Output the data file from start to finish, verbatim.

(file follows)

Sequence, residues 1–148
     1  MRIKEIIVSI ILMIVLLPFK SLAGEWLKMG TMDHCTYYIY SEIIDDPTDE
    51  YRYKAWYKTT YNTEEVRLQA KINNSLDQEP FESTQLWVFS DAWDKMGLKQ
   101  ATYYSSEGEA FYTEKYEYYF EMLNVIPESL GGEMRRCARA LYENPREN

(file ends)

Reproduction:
Sequence, residues 1–148
     1  MRIKEIIVSI ILMIVLLPFK SLAGEWLKMG TMDHCTYYIY SEIIDDPTDE
    51  YRYKAWYKTT YNTEEVRLQA KINNSLDQEP FESTQLWVFS DAWDKMGLKQ
   101  ATYYSSEGEA FYTEKYEYYF EMLNVIPESL GGEMRRCARA LYENPREN